SAN BERNARDINO COUNTY, CA—The numbers for housing permits issued and job starts as an industry are getting better, not screaming upwards, but they are stable and improving year over year. So says Terry Kent, vice president of sales and marketing at Crestwood Communities and president of the Building Industry Association Baldy View Chapter, which oversees the San Bernardino County region. In this exclusive Q&A, we chatted with indicators Kent watches, the state of housing and what buyers are looking for. What is the state of housing in the County today?

Terry Kent: The housing industry took a real hit in the downturn but now it’s recovering nicely in both for purchase and for rent. It’s a slow process but housing’s comeback translates into a lot of jobs for the County as a whole. Even as the entire Southern California region recovers it drives more job creation in the County because the workforce is here. What indicators do you watch?

Kent: The numbers for housing permits issued and job starts as an industry are getting better, not screaming upwards, but they are stable and improving year over year. Home prices are stabilizing and in a recovery mode. It’s been more stable in the southwest part of the County, the Chino basin. I attribute that to the buyers who are pushed out of Orange County due to a shortage of inventory and higher price point. If you want to buy a large-size house on a good-sized lot, you’ll have a lot more options in San Bernardino County as compared to the coastal regions of Southern California. The recovery trend is now starting to extend to other parts of the County. Someone can buy a house and not necessarily need two incomes to afford it. So price point is a big draw along with location. What are the buyers looking for in County homes?

Kent: People are much more price-conscious and want value and quality. There is a great deal more emphasis on sustainability in homes. People are aware of the impact of green living to their day to day costs. All homes now have sustainable features built into them because the industry as a whole has grabbed hold of the green initiative. We’re seeing everything from solar panels to tankless water heaters to drought tolerant landscaping. While some of this is partly mandated by state law, most of the builders here are going well beyond state standards.

In Ontario’s New Model Colony community the installation of recycled water infrastructure will help with sustainable consumption. The state is currently suffering from drought conditions. The water they use can be recycled and reused to irrigate landscaping. The builders there are also putting in the most efficient kinds of appliances, and setting the standard for what new development can do and how much water a typical household uses. According to news reports, estimates are that the current indoor use is 55 gallons per person per day, and New Model Colony will be closer to 35 or 40 gallons per day. What else is driving the housing trend today?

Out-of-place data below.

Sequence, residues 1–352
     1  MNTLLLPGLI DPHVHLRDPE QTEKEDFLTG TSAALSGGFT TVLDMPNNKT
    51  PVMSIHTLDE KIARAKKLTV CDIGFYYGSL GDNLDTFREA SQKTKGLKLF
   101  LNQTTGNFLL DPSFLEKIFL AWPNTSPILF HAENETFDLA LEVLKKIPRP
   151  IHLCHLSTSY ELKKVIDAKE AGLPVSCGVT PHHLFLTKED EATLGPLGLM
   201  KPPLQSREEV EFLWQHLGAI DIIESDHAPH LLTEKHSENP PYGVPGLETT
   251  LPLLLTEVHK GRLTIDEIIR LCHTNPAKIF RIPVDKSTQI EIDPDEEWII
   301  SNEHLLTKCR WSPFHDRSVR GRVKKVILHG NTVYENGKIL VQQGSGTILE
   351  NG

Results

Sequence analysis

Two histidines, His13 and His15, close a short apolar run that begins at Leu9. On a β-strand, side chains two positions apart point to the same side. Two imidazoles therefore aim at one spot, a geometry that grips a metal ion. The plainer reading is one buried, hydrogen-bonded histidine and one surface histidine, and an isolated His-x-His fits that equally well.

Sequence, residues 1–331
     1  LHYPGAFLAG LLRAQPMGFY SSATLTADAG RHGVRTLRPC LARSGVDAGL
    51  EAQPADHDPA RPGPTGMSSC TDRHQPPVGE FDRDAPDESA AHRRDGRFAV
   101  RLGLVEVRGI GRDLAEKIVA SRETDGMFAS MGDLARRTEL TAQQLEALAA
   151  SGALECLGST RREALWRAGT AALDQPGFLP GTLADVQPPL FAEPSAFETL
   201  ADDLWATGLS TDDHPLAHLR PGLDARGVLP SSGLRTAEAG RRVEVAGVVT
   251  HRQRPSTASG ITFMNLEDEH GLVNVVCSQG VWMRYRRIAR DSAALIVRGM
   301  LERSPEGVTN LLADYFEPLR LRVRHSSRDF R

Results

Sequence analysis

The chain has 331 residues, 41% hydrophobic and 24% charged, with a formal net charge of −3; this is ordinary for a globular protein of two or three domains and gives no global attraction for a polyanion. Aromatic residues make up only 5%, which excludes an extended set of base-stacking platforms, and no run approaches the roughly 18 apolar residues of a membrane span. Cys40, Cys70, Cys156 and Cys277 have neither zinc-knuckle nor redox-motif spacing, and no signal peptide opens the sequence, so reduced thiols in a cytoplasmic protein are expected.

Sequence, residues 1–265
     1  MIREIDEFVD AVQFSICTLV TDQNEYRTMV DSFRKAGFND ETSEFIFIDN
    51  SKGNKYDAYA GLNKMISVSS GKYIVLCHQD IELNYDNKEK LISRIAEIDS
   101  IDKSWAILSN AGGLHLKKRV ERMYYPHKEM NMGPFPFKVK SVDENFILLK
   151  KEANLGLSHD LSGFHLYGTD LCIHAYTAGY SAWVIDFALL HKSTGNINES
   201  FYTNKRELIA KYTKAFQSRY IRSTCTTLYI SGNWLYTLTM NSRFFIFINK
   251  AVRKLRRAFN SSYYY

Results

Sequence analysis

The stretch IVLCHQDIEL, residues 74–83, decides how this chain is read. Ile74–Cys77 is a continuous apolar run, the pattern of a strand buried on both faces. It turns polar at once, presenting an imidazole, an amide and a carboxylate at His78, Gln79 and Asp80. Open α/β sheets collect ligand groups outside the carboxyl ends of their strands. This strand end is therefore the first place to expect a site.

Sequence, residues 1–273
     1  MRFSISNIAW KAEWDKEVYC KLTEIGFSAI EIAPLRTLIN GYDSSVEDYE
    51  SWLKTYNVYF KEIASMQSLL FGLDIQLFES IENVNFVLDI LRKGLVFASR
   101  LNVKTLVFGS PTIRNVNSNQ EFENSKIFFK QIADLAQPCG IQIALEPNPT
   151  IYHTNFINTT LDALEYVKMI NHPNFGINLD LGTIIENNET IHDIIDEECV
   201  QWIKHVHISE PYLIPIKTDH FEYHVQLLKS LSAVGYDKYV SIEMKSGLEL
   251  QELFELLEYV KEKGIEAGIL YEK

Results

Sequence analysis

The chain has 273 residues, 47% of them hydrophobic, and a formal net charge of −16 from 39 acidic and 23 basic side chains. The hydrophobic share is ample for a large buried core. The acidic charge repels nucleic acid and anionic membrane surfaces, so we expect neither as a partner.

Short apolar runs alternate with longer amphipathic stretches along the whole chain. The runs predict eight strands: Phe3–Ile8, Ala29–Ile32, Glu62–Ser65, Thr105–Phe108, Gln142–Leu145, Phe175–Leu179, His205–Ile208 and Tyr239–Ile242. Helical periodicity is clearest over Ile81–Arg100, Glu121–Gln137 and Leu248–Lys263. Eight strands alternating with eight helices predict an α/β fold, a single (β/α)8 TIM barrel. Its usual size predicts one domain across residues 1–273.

Kent: Buyers want a good neighborhood, education, amenities, parks, open space.  There are so many new neighborhoods in the County and this is driving development of retail and new schools. Many cities now have newer educational facilities. Rancho Cucamonga doubled its school district. In Ontario the local school district is also in the planning stages for new schools to serve its New Model Colony residents. Location is also a driver and a major advantage. From the County you have access to the beach, mountains, Palm Springs – and there are jobs here. Has the County been a positive factor on the housing’s recovery?

Kent: BIA and the housing industry have a great relationship with the County. The County Supervisors are willing to listen to our ideas and work with us to find more efficient ways to build. Everyone wants to maintain quality of life, so we’re working together to find ways to do that. The County of San Bernardino and SANBAG worked closely with us on their Countywide Vision In Action – Housing Collaborative which continues to provide great opportunity to identify and promote business-friendly practices to all 24 cites.

They are as much my business partner as any of my subcontractors.  If I can eliminate two days off permit processing then I can save dollars and in turn create a more affordable product for the buyer. Even in the downturn they never abandoned the industry. The County instead developed software to help make plan checks more efficient. Now as a builder I can go online to see status of plans in real time. They invested in the technology to help our industry.

The County has continued to reach out to the housing industry because they know that the construction of new homes and commercial development are important drivers for our economy. We can work together to build quality product and make the process less cumbersome. They are being good stewards of the land but remain open to ideas, which is refreshing, and reaching out to us to make the industry better.